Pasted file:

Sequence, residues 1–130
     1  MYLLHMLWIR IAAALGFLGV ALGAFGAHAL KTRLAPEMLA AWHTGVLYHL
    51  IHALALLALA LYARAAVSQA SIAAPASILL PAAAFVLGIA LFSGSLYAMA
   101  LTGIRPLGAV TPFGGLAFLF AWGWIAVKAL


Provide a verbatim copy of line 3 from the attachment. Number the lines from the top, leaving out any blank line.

    51  IHALALLALA LYARAAVSQA SIAAPASILL PAAAFVLGIA LFSGSLYAMA